The Fed, Interest Rates, And Your Bond Portfolio
It’s a foregone conclusion in the markets that the Federal Reserve will raise short term interest rates on Wednesday. But more importantly, investors will be looking for hints for future rate increases.
Why is this so important? The consensus view is for 2-3 Fed increases this year, but anchoring into this expectation comes with risks. For example, in 1994 the Fed surprised investors by increasing rates 6 times, resulting in a 3% loss for bonds that year. Of course, bonds recovered in following years, thanks largely to the long-term trend of falling interest rates since 1981.
(Interestingly, only today’s 98-year-olds, who were 21 in 1940, will remember the start of the previous long-term bear market in bonds. In other words, today’s bond investors have little to no experience with the headwinds of rising rates.)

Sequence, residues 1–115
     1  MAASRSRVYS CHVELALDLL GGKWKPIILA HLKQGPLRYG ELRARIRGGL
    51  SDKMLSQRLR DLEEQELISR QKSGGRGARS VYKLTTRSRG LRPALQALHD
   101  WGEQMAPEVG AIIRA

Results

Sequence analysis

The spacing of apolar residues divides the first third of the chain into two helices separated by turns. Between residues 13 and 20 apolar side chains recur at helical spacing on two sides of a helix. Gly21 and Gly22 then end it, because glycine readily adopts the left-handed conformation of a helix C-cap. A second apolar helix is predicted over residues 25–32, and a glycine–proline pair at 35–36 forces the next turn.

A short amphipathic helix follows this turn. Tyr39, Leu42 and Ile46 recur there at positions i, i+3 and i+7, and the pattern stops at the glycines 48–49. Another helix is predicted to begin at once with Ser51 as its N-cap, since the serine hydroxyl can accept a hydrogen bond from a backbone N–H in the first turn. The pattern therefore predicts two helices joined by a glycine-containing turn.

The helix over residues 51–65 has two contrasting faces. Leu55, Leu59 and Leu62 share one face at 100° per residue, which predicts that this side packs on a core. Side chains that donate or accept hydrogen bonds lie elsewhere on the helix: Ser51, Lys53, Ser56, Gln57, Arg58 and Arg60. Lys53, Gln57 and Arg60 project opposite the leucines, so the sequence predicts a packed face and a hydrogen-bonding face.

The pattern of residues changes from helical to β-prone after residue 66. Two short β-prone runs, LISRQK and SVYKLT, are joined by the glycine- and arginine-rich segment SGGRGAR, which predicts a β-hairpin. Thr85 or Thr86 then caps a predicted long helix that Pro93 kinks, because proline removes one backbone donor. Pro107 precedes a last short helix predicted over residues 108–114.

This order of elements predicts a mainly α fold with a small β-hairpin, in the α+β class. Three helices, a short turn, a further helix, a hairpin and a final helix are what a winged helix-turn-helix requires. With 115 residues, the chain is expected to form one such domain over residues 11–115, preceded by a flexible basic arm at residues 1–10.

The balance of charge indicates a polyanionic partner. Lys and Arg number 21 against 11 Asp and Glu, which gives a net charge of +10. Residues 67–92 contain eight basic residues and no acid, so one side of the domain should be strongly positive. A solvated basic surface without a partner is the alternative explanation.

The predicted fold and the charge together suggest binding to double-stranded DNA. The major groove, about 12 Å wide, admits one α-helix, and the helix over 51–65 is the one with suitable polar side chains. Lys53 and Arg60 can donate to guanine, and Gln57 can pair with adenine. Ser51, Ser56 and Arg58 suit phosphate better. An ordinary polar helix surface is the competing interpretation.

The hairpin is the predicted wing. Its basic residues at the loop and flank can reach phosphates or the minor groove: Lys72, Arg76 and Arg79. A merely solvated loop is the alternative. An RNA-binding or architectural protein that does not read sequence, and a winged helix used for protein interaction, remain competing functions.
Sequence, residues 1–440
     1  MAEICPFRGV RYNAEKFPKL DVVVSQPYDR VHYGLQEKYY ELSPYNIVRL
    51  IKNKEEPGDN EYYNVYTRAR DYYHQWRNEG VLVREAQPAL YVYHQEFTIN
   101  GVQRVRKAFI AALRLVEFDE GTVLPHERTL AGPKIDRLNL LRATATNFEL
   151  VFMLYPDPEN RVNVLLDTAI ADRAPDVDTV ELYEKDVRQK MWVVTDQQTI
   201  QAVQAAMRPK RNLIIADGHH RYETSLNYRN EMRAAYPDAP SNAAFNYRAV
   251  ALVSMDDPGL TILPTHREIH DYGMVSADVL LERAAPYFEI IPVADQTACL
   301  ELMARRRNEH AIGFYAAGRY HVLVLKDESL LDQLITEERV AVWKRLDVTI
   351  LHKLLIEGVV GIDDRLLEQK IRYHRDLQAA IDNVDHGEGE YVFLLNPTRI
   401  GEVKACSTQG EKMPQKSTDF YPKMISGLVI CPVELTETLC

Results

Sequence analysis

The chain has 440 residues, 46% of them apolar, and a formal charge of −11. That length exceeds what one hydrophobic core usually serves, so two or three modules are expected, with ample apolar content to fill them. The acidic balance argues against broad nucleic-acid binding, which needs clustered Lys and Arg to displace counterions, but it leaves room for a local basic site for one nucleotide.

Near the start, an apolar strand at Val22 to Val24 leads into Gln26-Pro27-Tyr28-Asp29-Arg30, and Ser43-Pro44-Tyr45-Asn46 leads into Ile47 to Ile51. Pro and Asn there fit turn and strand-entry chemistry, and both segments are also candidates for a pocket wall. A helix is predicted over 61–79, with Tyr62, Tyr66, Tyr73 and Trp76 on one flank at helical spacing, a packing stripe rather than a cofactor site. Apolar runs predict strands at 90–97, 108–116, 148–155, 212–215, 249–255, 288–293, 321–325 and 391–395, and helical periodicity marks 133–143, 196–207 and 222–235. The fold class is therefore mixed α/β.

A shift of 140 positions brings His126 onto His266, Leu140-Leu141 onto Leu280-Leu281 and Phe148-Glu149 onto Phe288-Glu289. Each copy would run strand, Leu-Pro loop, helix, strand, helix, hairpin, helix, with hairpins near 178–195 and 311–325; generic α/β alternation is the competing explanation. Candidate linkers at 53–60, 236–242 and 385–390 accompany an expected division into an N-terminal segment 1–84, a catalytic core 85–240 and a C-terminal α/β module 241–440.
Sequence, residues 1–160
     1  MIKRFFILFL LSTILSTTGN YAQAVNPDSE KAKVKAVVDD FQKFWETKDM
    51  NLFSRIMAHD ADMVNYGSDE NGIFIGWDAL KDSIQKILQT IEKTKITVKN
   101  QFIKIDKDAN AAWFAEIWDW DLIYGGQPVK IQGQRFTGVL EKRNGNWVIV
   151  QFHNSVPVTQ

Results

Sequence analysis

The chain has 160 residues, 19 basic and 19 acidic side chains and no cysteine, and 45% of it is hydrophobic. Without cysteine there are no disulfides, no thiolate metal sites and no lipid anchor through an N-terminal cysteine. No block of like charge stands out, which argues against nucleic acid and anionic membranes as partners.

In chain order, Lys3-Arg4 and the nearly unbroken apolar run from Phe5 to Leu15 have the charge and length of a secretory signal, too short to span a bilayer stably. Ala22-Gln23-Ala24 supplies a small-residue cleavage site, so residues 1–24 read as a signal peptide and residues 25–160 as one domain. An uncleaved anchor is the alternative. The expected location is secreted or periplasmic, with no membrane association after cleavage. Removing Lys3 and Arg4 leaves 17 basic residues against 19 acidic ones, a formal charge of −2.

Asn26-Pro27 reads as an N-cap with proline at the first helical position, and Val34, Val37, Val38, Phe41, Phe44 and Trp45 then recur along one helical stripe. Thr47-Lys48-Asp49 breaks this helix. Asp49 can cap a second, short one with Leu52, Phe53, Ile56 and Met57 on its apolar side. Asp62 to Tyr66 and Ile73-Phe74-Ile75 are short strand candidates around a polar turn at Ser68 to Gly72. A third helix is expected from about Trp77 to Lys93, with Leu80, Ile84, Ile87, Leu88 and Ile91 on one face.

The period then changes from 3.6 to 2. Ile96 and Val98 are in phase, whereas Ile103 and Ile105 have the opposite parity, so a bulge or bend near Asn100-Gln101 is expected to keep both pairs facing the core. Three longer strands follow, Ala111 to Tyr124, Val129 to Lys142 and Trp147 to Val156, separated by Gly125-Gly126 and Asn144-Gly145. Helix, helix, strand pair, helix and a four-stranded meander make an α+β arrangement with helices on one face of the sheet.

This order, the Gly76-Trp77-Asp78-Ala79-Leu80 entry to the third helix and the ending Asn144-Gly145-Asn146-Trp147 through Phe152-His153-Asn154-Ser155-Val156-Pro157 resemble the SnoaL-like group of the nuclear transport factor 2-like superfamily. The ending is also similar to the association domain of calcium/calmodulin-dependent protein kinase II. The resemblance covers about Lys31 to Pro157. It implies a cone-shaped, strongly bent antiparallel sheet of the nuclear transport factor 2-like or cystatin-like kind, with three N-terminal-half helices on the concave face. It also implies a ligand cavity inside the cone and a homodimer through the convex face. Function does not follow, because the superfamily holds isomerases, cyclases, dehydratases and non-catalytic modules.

Experts and forecasters have been calling for higher interest rates for almost a decade now. And interest rates have only grinded lower. Even today you can find a bond guru here or there forecasting even lower rates.
So, what’s an investor to do? How to navigate the uncertainty in the bond markets? First, don’t base your plan on outsmarting the market, because very, very few have the ability to consistently do so. Instead, put the power of markets to your advantage. When certain parts of the yield curve offer higher yields than others, it signals that those bonds’ prices have dropped more than others. Put another way, the bond market is showing you which parts of the yield curve offer “buy low” opportunities.
In this approach, changes in yield curve direct one’s bond positioning. Think of this as a disciplined process for deploying the “buy low, sell high” philosophy that so many investors believe in yet few successfully execute.
Lastly, much like in 1994, there are shorter time periods in which this strategy doesn’t appear to be working. But over time, few would argue that a “buy low, sell high” hasn’t delivered good results across many asset classes. The hardest part is often not the investments, but the investors themselves.